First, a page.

Next-Gen Snow Surveys: “Activate the Laser”

New technology could provide a much clearer picture for water forecasts

Frank Gehrke conducts a manual snow survey using a "Mt. Rose gauge," essentially a hollow aluminum tube shoved into the snow at predetermined locations.

In California, where most of our water comes from the mountains, being able to accurately measure the snow pack is vital. And it is in outlier years like this — very dry years, though the same goes for very wet ones — when water managers have the hardest time making accurate predictions.

“Knowing the water content of the snow in an entire watershed is the holy grail for snow scientists,” survey guru Frank Gehrke told me.

During the winter, Gehrke trudges into the woods on a monthly basis to do manual snow surveys for the state Department of Water Resources. DWR uses remote snow sensors, too. But even with all that data we don’t get an exact picture of the snow pack. So scientists from National Center for Atmospheric Research (NCAR) and NASA Jet Propulsion Laboratory (JPL) are developing tools to measure snow with lasers. This new technology has the potential to be that holy grail that Gehrke’s looking for.

At NCAR, scientist Ethan Gutmann is working on a stationary laser instrument. His prototype in the Rocky Mountains is installed on a pole in a snowfield. It sends out light pulses, which bounce off the snow and back to the instrument, which then measures the depth of the snow based on the time it takes for the light to come back. The tool isn’t measuring snow on a watershed-scale yet, but Gutmann says that’s a matter of cost, not of technology.

Gutmann's laser tool reveals the features of a snow field above the treeline of a mountain in Colorado.

“The laser system is expensive, but easy to use,” he told me. He’s hoping as the technology improves, these kinds of tools will become more affordable; water agencies will be able to install the stationary instrument in snow fields and get results in real time.

Here in California, DWR is working with JPL on developing the technology to measure snow with lasers from airplanes. These airborne surveys don’t provide the accuracy and continuous data that the stationary tool provides, but they will be able to measure a much larger area. There’s preliminary work now on the Upper Tuolumne River Watershed, which feeds the Hetch Hetchy reservoir. Gehrke says the need baseline measurements without snow, so they’re planning prototype flights in late-July, then plan to fly over the snow beginning in 2013.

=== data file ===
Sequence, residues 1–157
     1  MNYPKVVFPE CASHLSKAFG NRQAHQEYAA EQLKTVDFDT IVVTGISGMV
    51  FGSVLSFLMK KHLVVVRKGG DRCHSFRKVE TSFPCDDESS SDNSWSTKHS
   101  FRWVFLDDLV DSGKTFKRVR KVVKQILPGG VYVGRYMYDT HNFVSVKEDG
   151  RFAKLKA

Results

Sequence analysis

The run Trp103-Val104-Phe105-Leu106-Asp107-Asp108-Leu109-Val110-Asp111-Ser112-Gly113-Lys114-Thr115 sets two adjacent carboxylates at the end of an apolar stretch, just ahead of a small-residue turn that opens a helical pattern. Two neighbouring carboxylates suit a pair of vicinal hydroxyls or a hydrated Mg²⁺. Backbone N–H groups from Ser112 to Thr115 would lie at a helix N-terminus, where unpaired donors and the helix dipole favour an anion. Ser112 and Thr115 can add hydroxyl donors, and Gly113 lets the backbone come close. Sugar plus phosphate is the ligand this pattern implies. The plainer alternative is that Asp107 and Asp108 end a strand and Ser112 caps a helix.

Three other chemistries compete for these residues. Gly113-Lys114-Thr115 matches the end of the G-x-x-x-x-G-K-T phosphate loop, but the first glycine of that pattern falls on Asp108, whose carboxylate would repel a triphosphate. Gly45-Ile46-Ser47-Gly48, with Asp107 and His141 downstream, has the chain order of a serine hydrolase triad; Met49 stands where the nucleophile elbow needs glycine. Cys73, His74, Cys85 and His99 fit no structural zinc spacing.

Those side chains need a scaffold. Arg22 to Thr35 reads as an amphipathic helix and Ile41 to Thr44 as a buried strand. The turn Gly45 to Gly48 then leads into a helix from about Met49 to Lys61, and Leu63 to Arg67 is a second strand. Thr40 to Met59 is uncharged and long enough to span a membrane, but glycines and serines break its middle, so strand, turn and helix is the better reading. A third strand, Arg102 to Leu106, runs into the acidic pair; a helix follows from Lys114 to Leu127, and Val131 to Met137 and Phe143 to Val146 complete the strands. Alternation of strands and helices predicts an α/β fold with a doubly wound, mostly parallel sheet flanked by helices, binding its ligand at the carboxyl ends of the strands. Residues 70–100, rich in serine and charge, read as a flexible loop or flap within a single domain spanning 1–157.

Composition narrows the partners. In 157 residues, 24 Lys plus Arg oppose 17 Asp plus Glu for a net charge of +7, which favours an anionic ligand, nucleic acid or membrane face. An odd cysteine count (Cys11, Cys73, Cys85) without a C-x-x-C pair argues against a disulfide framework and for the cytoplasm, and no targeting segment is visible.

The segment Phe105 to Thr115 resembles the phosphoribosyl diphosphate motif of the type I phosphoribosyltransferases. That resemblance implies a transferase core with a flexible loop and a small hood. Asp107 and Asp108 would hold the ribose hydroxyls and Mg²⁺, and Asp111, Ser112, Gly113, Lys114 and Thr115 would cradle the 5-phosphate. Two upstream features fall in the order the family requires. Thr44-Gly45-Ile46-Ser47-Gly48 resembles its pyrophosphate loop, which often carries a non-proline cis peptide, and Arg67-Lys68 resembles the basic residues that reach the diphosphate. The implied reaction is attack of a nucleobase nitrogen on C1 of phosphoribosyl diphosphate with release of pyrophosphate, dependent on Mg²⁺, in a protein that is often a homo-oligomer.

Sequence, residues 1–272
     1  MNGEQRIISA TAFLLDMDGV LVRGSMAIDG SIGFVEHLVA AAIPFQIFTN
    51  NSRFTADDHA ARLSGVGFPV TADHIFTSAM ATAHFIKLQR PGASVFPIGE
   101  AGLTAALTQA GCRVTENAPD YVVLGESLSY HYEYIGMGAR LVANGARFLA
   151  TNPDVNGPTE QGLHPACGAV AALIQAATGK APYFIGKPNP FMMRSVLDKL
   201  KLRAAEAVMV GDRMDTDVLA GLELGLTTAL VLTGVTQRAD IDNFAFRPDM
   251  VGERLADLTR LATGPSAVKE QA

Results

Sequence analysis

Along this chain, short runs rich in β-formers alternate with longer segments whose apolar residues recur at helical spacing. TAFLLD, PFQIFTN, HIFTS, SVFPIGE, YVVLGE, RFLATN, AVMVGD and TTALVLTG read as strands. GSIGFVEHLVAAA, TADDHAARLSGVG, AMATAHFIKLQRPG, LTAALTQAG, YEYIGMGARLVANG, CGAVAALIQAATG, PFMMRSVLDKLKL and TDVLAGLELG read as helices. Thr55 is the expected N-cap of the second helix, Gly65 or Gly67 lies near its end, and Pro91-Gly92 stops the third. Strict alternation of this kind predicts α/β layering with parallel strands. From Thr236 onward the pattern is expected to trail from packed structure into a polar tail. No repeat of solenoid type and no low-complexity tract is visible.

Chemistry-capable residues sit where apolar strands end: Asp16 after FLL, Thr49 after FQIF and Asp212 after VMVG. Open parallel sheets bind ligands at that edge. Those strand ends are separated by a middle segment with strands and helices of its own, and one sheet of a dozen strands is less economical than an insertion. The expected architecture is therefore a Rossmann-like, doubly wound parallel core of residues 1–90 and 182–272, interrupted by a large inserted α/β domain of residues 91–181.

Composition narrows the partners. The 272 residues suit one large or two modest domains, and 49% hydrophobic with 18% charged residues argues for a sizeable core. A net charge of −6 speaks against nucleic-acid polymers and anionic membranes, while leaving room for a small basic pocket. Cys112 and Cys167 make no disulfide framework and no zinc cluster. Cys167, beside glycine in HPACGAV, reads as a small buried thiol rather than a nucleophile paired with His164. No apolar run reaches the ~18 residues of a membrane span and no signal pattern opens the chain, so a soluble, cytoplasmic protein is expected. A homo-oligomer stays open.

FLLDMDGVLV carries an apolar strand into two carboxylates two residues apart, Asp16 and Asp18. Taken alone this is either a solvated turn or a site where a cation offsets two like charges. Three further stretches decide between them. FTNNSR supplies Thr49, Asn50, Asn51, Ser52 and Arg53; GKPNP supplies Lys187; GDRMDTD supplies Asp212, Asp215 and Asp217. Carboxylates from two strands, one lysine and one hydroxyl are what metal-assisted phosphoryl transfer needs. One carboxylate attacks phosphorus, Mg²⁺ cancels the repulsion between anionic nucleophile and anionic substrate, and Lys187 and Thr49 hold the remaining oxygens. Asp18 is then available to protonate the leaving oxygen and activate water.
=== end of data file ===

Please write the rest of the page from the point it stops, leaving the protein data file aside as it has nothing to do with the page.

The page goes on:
There are drawbacks to lasers. They can’t see through most trees, so the technology is most effective above the treeline (the highest elevation where large trees grow). And lasers can only measure the depth, not the water content, of snow. Gutmann said that’s not a deal-breaker, since depth measurements will be so much more accurate than they are now, over a larger area. The key for Gehrke will be combining the technologies. He told me the stationary and airborne lasers complement each other, and when combined with the tools he’s already using, he’ll get a better picture of the snow pack than ever before.

Next-Gen Snow Surveys: “Activate the Laser” 1 February,2018Molly Samuel


Molly Samuel

Molly Samuel joined KQED as an intern in 2007, and since then has worked here as a reporter, producer, director and blogger. Before becoming KQED Science’s Multimedia Producer, she was a producer for Climate Watch. Molly has also reported for NPR, KALW and High Country News, and has produced audio stories for The Encyclopedia of Life and the Oakland Museum of California. She was a fellow with the Middlebury Fellowships in Environmental Journalism and a journalist-in-residence at the National Evolutionary Synthesis Center. Molly has a degree in Ancient Greek from Oberlin College and is a co-founder of the record label True Panther Sounds.

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